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Last Updated: Wednesday, 17 November, 2004, 17:41 GMT
Blunkett concern on loyalty cards
David Blunkett
Mr Blunkett is putting his reputation on the line
There should be more checks on the use of information collected through supermarket loyalty cards, Home Secretary David Blunkett has suggested.

In a speech, Mr Blunkett said the cards produced key details about people's shopping habits but were accepted because they were run by private firms.

People should not distrust ID cards because they are a state idea, he said.

But the loyalty card firm Mr Blunkett used to illustrate his point described the comparison as "pretty extreme".

'Real issue'

In a speech to the Institute for Public Policy Research, Mr Blunkett ridiculed a newspaper story which had suggested the compulsory ID cards could allow the government to track how everybody shopped.

It is a really good opportunity to start debating what is know about us, by whom, who supervises it and how we can get a grip on it
David Blunkett
Home Secretary
Holding up a Nectar card, he said people voluntarily signed up to allow such details to be collected through such loyalty cards by private firms.

"There is a real issue about how that should be overseen and supervised," said Mr Blunkett.

He suggested broadening the debate about the "very limited access to and use of information in terms of ID cards" to look at protecting privacy in such cases.

"It is a really good opportunity now to start debating what is known about us, by whom, who supervises and oversees it and how we can get a grip on it," he said.

The minister challenged the idea that if government was proposing something like ID cards it must be "inherently wrong" and would lead to "oppression" while whatever private firms knew about people was regarded as perfectly legitimate.

We do not know what toothpaste people use, nor do we want to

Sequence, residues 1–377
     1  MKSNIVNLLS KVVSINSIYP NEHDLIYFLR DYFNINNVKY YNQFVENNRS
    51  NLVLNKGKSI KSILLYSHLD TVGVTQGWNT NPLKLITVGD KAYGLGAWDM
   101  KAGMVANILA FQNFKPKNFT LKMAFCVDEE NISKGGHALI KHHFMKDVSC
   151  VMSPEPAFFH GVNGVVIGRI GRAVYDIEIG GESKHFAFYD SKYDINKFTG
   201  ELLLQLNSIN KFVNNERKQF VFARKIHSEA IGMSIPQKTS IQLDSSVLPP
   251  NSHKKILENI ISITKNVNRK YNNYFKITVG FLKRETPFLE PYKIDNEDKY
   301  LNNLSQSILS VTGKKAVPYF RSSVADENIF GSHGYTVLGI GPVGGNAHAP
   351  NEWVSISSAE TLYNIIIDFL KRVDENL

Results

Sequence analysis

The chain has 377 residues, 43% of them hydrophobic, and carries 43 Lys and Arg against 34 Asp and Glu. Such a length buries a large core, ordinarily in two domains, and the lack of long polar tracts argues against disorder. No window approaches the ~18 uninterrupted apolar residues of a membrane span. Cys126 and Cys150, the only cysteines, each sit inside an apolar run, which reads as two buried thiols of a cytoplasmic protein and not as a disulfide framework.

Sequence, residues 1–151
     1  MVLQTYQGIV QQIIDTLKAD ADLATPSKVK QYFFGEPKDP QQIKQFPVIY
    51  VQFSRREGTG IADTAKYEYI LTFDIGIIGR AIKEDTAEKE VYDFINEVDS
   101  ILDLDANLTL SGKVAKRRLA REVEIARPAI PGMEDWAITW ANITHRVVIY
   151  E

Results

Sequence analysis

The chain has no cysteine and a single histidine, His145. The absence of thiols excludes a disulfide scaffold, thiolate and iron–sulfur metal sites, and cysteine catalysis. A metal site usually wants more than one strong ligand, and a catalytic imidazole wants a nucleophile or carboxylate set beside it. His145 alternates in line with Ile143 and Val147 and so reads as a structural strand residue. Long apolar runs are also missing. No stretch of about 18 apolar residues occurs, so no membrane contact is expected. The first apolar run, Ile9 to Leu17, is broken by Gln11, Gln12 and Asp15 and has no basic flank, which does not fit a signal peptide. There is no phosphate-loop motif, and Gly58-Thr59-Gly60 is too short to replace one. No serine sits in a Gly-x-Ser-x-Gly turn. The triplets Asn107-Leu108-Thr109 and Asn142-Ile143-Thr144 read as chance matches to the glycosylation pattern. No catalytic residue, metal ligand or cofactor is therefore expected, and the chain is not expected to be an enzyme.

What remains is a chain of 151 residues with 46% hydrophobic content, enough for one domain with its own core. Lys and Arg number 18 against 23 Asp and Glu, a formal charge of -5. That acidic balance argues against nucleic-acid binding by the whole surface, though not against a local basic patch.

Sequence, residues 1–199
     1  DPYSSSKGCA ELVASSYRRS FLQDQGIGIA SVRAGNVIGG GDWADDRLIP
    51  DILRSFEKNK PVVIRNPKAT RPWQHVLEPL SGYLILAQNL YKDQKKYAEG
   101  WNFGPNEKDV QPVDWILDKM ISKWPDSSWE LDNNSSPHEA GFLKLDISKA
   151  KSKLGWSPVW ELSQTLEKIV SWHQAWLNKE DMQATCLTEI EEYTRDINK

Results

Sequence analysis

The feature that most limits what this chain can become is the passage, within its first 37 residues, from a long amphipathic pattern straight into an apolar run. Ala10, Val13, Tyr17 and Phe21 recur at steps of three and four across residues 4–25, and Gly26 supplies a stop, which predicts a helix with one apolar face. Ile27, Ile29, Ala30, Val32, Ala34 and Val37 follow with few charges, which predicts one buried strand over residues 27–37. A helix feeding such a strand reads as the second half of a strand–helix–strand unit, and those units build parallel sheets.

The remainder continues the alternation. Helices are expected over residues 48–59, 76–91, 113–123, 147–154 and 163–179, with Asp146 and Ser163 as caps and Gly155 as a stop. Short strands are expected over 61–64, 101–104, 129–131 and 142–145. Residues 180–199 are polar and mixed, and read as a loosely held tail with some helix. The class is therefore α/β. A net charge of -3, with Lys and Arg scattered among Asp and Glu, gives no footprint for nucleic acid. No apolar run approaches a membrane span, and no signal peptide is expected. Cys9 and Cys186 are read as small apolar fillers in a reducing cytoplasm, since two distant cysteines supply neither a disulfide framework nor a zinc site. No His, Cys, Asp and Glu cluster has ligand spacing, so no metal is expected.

Rob Gierkink

Mr Blunkett later said he had no loyalty cards himself and had borrowed the Nectar card to illustrate his point.

On the Home Office website the home secretary is quoted as saying loyalty cards can be used to show the size of households, eating habits, whether people worked and what toothpaste they used.

'No comparison'

But Loyalty Management UK (LMUK), which runs Nectar, accused Mr Blunkett of making "blatantly inaccurate" claims.

Chief executive Rob Gierkink told BBC News the company did not pool information about specific purchases and only held details such as the total amount spent when a card was used.

"We do not know what toothpaste people use, nor do we want to," he said.

Anti-ID card protesters
Protesters burnt giant mock ID cards to greet Mr Blunkett
Individual retailers in the scheme could determine what items were bought in their stores, he said, but it was not shared with other companies.

Brian Sinclair, LMUK's client services director, said he was surprised Mr Blunkett had linked voluntary store loyalty cards to mandatory ID cards.

"He seems to have missed the point of consumer choice," he argued.

Customers with complaints about information collected in loyalty card schemes can currently go to the information commissioner.


Protesters from campaign group NO2ID greeted Mr Blunkett as he arrived for the speech by burning an ID card bearing his photo.

Organiser Mark Littlewood said: "It's not hysterical to be talking about an Orwellian society and a total surveillance state.

"We are all extremely concerned that the government is establishing an enormous database on all 60 million of us which will link together a vast amount of information on us."

But Mr Blunkett suggested the group's stunt would push up public support for ID cards from its current level of 80%, according to opinion polls.

Mr Blunkett said the ID card plan added little costs to what was already being done in creating a database for passports holding biometric details such as iris scans and fingerprints.

Political failure?

Such a database would prevent people travelling to America having to pay $100 on every visit for a biometric visa, he suggested.

The cards were not a panacea for everything but could help stop terrorists using multiple identities, clamp down on illegal working and ensure people from overseas did not get free NHS treatment without being entitled to it, he said.

Mr Blunkett promised a watchdog would keep tabs on the information put on the new database and on who was allowed to access the details.

The scheme would be worthwhile if it reinforced identity and citizenship, he said. If not, he would "be remembered as one of the biggest political failures that Britain has ever produced".

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